As of 2021, with twenty-six cultural and natural UNESCO World Heritage Sites, Iran has an abundance of culture and historical legacies and has the 10th spot in the number of world heritage sites. This year, Iran was awarded two new UNESCO sites including the Trans-Iranian Railway and the Cultural Landscape of Uraman Village. In this blog you are going to read about some of the less visited UNESCO World Heritage Sites in Iran which are scatted in different parts of the country.
Iran is home to numerous exotic and undiscovered natural attractions and villages, and the UNESCO listed Meymand Village is one of the most amazing ones. Located in Kerman Province with more than 12000 years’ antiquity, the Meymand Village (Meimand Village) is one of the primary human residences in Iran, including 350 hand-dug cliff structures cut into the rocks, some of which have been resided by locals for more than 3000 years. Some of these hand-dug caves are still resided by the locals, who are still living in their ancestors’ homeland despite of modernization and the arid climate of Meymand.
Meymand Village - UNESCO World Heritage Site in Iran
The Lut Desert is a vast area covering the south-east of Iran and was the very first natural UNESCO World Heritage Site in Iran that was inscribed in this committee’s session in 2016. Being surrounded by mountain ranges and having a very high temperature, the climate of this desert is hyper-arid, and the spectacular aeolian and erosions caused by the summer strong winds (known as yardangs) make Lut Desert a scenic and picturesque desert with ongoing geological process. This desert was known as a No Life region, nevertheless it has a unique flora and fauna adapted to the harsh environment. Apart from its geological wonders, the lack of humidity and light pollution have caused the Lut Desert to be one of the best spots for stargazing and enjoying vivid sunrise and sunset in Iran and make Lut Desert Tours a wonderful experience.
Lut Desert - UNESCO World Heritage Site in Iran
The archaeologic site of Takht-e Soleyman (Takht-e Suleiman) is located in the northwest of Iran in west Azerbaijan Province by Takab Town, and it includes a Zoroastrian sanctuary or fire temple named Azar Goshasb Fire Temple rebuilt during the Ilkhanid Era (13th century), a Sassanid Temple of Anahita, The Solomon Prison, which is a 100-meter-high mound with an 80-meter deep hole, and the mysterious Lake of Takht-e Soleyman which is believed to cover an unreachable golden city according to the myths. This ancient UNESCO site is a great sample of Sassanid power and glory.
Takht-e Soleyman - UNESCO World Heritage Site in Iran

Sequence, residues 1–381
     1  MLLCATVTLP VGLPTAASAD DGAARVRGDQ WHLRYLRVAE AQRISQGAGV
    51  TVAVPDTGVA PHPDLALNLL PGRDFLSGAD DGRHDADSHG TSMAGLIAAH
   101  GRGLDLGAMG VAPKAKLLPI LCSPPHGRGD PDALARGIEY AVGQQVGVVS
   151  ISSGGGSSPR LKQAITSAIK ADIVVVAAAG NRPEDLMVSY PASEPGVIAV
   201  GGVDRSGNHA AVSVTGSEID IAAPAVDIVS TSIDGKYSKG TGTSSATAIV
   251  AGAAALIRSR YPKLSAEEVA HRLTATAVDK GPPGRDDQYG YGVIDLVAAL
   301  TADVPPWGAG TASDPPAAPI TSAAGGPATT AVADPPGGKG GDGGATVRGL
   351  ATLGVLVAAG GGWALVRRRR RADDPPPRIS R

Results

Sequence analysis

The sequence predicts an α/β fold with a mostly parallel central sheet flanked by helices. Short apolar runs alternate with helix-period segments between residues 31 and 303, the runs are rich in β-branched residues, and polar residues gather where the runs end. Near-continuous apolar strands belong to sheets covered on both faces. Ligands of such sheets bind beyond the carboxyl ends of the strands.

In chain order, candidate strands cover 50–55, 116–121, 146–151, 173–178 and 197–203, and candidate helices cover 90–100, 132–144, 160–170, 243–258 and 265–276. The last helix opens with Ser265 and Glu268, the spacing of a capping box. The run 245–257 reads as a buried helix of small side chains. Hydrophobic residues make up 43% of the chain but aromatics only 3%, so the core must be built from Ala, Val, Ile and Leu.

Shushtar Historical Hydraulic System
Khuzestan Province is a land in south-western Iran home to pre-historic civilizations like the Ilamite Empire and also heritages from the Achaemenid and Sassanid ancient empires, one of the most important ones of which is the Shushtar Historical Hydraulic System. This ancient site, which got registered on the UNESCO list in 2009, is a masterpiece of architecture and engineering dating back to the kingdom of Darius I, however the main improvements is related to the Sassanid Era. The Hydraulic system of Shushtar (an important city in Khuzestan Province) including water wells, water mills, artificial waterfalls and canals was used for transferring and sharing water and also watering this region’s farms and lands.
Shushtar Historical Hydraulic System - UNESCO World Heritage Site in Iran
Bam and its Cultural Landscape
Bam is a historical city in the southeast of Kerman Province, with roots tracing back to the Achaemnid Era. During the 7th to 11th centuries this city passed its heyday and flourishing days as it was located by the important trading roads like the Silk Road and the Spice Road. Being known as a significant example of medieval fortified towns and settlement and also a trading center, the Arg-e Bam is what makes this city stand out among historical cities of Iran. This remarkable earthen and brick made construction including the governor’s palace, residential houses, maze of alleys, etc. is an important achievement of architecture in history of Iran. In spite of the major damage as a result of the 6.8 magnitude richter earthquake that struck the city of Bam and Kerman in 2003, this medieval town was restored and renovated and have still retained its historical value and glory and it is registered as a UNESCO World Heritage Site in Danger.
Bam Citadel - UNESCO World Heritage Site in Iran
The Armenian Monastic Ensamble
The Armenian Monastic ENsamble of Iran is a unique UNESCO World Heritage Site in West Azerbaijan and East Azerbaijan provinces and is a collection of three Armenian churches named the St. Thaddeus Monastery, the Saint Stepanos Monastery, and the Chapel of Dzordzor that have been built from the 7th century to 14th century. These three well-preserved churches were cultural and religious centers for Armenian living in the northwest of Iran and they showcase the wonderful Armenian architecture style and ornaments.
The Armenian Monastic Ensamble - UNESCO World Heritage Site in Iran
The Behistoun Relief
The Behistoun relief or inscription (also known as Bistoun or Bistun) is a multilingual inscription of Iran known as one of the most significant historical documents revealing so much valuable information from the ancient world. Authorided by Darius I the great Achaemenid king, the 15 meter in 25 meter carved on limestone, the Behistoun relief includes information about the life of Darius, events happened after the death of Cyrus the Great, etc. in three languages: Elamite, Babylonian and Old Persian. This heritage also includes a spectacular bass relief showing Darius I with his foot on the chest of a character named Gaumata. This bass relief also shows Achaemenid soldiers accompanying and respecting Darius and also the great deity of Farvahar on the top of the frame.
The Behistoun Relief - UNESCO World Heritage Site in Iran